Identity Based Networking Services

Demystifying RADIUS Server Configurations

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Last Updated: 05/2014

This paper is intended to provide insights in to the RADIUS server configurations on a Cisco® Catalyst switch, router or IOS based wireless controllers in the context of enterprise network access security. While IEEE 802.1X enables authenticated access to IEEE 802 media, including Ethernet and 802.11 wireless LANs, the RADIUS infrastructure facilitates centralized Authentication, Authorization, and Accounting (AAA) management for users and devices that connect and use network service(s). To deploy a Cisco identity based network, an understanding about these two protocols is fundamental. This document focuses predominantly on the RADIUS server configurations, best practices and some troubleshooting. For information and details on other Identity Based Networking Services (IBNS) components and solutions, visit:


In an identity based network an endpoint (supplicant) initiates its network access session with a 802.1X authentication. The IEEE 802.1X access control protocol is fundamentally a layer 2 transport protocol that carries the Extensible Authentication Protocol (EAP) payload in it. EAP is an authentication framework that defines the transport and usage of identity credentials. EAP encapsulates the usernames, passwords, certificates, tokens, OTPs, etc. that a client sends for the purpose of authentication. The first hop Network Access Server (NAS) (switch/router/wireless controller), hands off the EAP payload to the authentication server via the RADIUS messaging. The RADIUS server either performs lookups with its internal user database or queries an external identiity store, and responds to the client accordingly with the appropriate authorization permissions.  The avaiability and servicability of a RADIUS server is fundamental for an enterprise grade secure access solution to operate.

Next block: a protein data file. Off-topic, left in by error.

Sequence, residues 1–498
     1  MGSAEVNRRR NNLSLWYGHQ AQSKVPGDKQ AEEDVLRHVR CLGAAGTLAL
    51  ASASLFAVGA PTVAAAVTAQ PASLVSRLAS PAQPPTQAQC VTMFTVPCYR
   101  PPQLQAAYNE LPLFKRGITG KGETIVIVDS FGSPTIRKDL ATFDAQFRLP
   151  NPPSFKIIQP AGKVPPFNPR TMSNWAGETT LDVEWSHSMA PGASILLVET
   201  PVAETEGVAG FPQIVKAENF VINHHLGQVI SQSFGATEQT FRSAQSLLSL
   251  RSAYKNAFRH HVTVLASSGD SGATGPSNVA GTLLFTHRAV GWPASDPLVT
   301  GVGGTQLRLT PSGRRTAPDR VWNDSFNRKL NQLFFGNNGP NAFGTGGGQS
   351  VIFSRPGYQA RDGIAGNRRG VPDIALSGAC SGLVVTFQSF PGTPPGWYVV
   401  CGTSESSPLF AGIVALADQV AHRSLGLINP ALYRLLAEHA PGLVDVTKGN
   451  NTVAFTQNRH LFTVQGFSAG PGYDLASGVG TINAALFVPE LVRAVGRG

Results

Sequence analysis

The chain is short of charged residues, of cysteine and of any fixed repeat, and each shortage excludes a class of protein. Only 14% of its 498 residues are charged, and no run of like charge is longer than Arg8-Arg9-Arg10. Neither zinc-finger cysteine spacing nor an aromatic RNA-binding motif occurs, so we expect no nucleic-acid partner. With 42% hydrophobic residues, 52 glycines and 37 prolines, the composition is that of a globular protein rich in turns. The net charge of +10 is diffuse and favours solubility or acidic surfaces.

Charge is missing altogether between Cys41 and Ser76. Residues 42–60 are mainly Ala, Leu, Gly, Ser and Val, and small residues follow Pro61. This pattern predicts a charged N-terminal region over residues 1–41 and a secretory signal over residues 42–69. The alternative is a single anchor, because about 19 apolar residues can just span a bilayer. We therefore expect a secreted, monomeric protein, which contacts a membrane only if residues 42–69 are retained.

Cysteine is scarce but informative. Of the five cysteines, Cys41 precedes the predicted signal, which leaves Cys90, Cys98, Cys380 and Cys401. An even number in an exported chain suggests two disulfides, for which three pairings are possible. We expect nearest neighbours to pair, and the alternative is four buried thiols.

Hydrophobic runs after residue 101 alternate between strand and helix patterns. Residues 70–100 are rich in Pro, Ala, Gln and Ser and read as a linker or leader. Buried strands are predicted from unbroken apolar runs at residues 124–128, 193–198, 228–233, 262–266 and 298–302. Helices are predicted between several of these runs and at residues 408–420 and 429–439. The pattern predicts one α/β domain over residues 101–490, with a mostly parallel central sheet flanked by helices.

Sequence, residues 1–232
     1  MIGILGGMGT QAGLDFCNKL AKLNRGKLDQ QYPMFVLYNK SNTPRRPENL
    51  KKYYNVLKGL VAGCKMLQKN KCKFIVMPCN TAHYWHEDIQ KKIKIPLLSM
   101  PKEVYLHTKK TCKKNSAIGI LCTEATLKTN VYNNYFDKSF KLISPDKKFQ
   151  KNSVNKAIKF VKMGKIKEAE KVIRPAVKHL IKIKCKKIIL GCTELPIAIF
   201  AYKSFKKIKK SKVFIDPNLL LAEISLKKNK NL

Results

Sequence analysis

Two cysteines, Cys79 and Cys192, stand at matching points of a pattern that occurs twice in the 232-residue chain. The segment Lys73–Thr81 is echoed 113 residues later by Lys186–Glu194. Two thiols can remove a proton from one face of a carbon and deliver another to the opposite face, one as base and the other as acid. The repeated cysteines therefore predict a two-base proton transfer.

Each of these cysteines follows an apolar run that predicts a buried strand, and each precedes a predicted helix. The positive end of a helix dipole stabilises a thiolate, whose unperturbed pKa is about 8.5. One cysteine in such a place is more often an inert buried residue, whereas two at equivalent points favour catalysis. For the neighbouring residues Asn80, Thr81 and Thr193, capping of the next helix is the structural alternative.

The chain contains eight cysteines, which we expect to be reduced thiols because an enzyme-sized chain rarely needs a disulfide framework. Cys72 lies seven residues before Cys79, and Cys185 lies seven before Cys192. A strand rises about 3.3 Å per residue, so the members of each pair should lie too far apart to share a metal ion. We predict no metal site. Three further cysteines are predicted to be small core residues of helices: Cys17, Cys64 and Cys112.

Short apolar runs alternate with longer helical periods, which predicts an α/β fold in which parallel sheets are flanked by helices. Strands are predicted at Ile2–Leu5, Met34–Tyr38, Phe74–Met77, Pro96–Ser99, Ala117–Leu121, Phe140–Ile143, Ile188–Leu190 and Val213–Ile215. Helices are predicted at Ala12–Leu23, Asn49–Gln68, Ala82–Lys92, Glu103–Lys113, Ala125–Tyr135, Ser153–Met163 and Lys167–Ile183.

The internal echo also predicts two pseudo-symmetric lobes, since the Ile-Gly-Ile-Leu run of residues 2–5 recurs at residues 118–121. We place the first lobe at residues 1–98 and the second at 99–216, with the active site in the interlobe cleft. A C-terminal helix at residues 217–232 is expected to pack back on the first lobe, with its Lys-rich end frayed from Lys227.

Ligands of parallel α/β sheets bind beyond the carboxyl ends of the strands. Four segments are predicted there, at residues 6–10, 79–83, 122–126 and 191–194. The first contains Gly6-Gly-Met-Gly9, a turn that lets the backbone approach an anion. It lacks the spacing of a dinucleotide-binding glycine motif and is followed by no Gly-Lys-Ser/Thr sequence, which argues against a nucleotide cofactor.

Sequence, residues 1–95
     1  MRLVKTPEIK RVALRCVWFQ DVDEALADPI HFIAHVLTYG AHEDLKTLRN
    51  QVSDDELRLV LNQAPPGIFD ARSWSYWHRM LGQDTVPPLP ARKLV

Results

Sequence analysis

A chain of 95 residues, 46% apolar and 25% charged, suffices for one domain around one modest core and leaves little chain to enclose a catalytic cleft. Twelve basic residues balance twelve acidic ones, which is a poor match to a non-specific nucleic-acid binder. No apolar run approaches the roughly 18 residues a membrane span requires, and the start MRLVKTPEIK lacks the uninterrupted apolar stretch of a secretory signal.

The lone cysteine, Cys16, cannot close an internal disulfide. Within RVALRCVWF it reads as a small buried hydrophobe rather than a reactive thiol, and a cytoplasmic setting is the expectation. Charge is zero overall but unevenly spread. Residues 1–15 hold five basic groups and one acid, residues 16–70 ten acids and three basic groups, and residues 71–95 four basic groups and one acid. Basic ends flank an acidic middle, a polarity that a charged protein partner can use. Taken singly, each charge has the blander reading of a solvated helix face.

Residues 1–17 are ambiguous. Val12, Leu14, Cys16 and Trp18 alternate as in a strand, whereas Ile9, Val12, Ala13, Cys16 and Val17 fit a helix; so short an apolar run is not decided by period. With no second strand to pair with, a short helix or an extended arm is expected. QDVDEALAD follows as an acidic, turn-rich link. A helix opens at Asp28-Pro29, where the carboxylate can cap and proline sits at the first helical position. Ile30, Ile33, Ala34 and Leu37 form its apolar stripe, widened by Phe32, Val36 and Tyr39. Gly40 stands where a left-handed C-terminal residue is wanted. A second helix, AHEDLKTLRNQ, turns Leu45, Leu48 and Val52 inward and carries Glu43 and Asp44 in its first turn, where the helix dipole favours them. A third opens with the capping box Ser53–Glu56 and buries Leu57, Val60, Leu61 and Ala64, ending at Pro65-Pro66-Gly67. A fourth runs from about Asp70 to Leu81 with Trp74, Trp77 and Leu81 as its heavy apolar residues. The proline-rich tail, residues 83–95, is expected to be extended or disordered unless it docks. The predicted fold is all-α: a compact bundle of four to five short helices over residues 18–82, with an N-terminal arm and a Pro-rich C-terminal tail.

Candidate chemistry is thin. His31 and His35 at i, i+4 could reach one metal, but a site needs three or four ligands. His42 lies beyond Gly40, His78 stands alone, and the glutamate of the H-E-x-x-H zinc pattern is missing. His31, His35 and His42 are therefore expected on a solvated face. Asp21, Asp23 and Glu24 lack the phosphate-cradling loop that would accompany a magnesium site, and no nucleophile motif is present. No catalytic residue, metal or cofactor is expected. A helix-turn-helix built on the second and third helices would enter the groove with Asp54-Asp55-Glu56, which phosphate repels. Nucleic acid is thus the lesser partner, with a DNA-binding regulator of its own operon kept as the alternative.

RADIUS is a distributed client/server system that secures networks against unauthorized access. It’s an open standard protocol that can be customized with vendor specific attributes.  In the Cisco implementation, RADIUS clients run on Cisco switches/routers/wireless controllers and send authentication requests to a central RADIUS server that contains all user authentication and network service access information. Cisco supports RADIUS under its AAA security paradigm. RADIUS can be used with other AAA security protocols, such as TACACS+, Kerberos, and local username lookup. RADIUS is supported on all Cisco platforms, but some RADIUS-supported features run only on specified platforms.

Configuring the RADIUS Server

RADIUS server configuration on Cisco IOS is performed in two steps, one set of commnads are defined within the AAA paradigm and other set is run with the “radius” commands. The aaa configurations on the Cisco IOS needs to be done with named method lists or the default list can be used. The simplest way to start with the configurations is to use the built-in default method lists.

Table 1.       AAA Configuration for IEEE 802.1X and RADIUS



aaa new-model

Enable Authentication Authorization and Accounting (AAA)

aaa authentication dot1x default group radius